Getting to the heart of the matter: A values-based model for extending in-house corporate sustainability programmes
Lesley J. Stone, Curtin University of Technology, Australia
It is probably safe to say that the majority of the world’s noteworthy corporations now have in-house programmes that address issues of relevance to sustainable development. A trawl through their websites and annual reports shows the range of activities that have been undertaken in pursuit of sustainability. However, it is probably also safe to say that still more needs to be done. On one level, the majority of the world’s businesses have not yet adopted the sustainability agenda, and work needs to be done on how to get more businesses interested and involved. On another level, there are still very few businesses to which the term ‘sustainable’ could actually be applied. There is therefore work to be done on how to extend the activities of the businesses that are already active. Staff of the Centre for Excellence in Cleaner Production at Curtin University in Western Australia are working in partnership with industry and government on both these levels, and this paper reflects the learning from some of their work.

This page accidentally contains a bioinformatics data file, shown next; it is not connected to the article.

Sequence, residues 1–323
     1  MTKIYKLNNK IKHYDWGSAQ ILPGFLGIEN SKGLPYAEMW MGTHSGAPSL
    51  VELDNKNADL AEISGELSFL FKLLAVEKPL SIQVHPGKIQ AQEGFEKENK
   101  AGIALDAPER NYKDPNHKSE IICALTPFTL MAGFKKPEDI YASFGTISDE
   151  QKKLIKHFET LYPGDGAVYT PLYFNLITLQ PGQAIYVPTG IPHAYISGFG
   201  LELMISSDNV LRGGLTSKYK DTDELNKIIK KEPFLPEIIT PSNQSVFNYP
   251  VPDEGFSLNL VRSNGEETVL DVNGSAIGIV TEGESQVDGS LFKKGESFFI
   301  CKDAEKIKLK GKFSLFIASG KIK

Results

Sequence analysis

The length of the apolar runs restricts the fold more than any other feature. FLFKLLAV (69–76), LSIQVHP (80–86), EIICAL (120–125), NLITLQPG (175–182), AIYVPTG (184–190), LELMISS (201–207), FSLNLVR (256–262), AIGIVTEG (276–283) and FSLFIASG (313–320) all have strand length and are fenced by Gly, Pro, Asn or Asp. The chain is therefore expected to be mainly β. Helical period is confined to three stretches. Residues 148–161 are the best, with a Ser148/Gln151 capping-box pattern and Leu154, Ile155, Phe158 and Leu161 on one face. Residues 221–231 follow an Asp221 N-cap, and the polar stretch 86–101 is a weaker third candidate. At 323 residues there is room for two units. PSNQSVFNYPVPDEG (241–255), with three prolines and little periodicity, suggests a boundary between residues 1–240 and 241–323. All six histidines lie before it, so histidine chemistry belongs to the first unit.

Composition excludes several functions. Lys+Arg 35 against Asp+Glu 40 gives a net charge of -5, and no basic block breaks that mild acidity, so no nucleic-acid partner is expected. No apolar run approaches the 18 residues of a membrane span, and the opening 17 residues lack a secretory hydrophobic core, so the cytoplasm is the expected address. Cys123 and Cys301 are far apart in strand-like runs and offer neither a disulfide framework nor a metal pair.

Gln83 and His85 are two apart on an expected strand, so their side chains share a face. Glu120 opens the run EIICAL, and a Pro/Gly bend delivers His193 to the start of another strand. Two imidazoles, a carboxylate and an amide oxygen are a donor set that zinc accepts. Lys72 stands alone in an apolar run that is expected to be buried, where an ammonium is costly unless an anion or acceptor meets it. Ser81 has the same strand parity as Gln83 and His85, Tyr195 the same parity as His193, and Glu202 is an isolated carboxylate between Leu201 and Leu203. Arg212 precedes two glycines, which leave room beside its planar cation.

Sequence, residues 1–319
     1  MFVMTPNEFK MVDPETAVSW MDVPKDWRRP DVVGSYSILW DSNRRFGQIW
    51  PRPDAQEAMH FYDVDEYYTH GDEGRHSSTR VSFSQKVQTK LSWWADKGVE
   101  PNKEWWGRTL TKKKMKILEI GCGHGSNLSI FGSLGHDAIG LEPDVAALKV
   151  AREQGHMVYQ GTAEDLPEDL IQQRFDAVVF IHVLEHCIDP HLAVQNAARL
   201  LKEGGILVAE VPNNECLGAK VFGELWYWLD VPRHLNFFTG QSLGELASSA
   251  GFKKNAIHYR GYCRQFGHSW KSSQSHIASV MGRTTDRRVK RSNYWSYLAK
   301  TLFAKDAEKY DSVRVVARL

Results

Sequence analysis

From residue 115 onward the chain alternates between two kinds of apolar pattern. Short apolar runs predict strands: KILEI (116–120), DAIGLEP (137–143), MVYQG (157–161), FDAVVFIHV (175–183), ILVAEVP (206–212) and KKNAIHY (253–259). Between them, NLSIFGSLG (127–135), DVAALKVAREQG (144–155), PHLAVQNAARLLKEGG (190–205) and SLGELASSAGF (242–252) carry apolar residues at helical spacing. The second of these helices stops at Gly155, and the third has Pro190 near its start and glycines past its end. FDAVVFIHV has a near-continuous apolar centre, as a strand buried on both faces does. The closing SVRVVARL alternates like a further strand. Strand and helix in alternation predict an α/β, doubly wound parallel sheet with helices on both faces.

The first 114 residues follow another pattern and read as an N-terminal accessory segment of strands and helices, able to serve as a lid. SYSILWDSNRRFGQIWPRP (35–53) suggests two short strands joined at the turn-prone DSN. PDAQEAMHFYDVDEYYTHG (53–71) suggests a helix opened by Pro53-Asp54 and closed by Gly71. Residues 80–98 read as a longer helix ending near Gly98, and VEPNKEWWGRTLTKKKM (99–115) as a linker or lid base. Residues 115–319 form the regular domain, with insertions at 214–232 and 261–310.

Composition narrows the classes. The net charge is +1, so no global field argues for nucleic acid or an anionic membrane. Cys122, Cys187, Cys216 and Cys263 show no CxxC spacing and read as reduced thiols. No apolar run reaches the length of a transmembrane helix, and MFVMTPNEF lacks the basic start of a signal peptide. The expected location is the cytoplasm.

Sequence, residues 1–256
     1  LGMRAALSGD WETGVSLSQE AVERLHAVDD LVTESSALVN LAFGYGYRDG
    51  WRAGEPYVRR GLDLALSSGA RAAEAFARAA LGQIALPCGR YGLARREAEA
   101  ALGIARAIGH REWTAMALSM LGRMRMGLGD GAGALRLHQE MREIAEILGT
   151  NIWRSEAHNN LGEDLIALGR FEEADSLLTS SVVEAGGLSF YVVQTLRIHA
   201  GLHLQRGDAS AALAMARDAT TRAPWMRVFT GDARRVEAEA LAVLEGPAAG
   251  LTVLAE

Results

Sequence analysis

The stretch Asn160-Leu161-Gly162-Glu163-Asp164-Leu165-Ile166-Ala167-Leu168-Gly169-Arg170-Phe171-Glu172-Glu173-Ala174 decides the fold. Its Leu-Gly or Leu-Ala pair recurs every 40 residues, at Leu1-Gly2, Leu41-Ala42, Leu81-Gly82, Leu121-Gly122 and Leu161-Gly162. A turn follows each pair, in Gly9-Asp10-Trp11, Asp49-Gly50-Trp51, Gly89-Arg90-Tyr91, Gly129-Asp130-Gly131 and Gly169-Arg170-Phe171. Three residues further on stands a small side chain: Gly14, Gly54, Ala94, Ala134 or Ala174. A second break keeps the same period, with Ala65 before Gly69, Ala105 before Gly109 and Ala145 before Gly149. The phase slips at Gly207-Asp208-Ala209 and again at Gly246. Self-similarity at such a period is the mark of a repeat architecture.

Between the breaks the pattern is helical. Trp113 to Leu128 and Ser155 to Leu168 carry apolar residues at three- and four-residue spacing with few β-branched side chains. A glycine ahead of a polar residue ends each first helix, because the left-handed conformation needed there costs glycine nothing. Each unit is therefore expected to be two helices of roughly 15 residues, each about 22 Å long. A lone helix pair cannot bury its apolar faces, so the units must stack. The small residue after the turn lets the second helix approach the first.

The paper focuses on a values-based model that is designed to bring about the organisational change and learning that is necessary for sustainability to be embedded in corporate culture. The model has been developed as a result of an in-depth evaluation of the effectiveness of sustainability programmes for business. It is grounded in experience, practice and organisation theory, and recognises the need to develop and customise programmes according to needs, activities and culture of the individual businesses within which we work. Because of its adaptability and flexibility, it can be used when working with businesses that are in the embryonic stage in relation to sustainability-related issues, as well as to enhance and extend the results of those that have already travelled some way down that path.

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